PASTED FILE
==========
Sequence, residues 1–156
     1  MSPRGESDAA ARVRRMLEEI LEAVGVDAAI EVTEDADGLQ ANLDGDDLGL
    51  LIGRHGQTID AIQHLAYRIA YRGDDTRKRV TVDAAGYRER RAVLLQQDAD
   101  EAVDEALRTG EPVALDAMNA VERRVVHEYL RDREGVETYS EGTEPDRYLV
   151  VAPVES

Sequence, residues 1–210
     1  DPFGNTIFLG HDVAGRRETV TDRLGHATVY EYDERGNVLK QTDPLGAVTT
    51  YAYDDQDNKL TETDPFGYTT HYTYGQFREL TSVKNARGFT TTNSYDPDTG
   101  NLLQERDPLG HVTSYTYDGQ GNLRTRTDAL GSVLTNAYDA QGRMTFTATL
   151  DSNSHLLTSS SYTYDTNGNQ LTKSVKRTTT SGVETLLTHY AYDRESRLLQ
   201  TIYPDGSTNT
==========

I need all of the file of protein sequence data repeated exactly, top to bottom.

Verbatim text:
Sequence, residues 1–156
     1  MSPRGESDAA ARVRRMLEEI LEAVGVDAAI EVTEDADGLQ ANLDGDDLGL
    51  LIGRHGQTID AIQHLAYRIA YRGDDTRKRV TVDAAGYRER RAVLLQQDAD
   101  EAVDEALRTG EPVALDAMNA VERRVVHEYL RDREGVETYS EGTEPDRYLV
   151  VAPVES

Sequence, residues 1–210
     1  DPFGNTIFLG HDVAGRRETV TDRLGHATVY EYDERGNVLK QTDPLGAVTT
    51  YAYDDQDNKL TETDPFGYTT HYTYGQFREL TSVKNARGFT TTNSYDPDTG
   101  NLLQERDPLG HVTSYTYDGQ GNLRTRTDAL GSVLTNAYDA QGRMTFTATL
   151  DSNSHLLTSS SYTYDTNGNQ LTKSVKRTTT SGVETLLTHY AYDRESRLLQ
   201  TIYPDGSTNT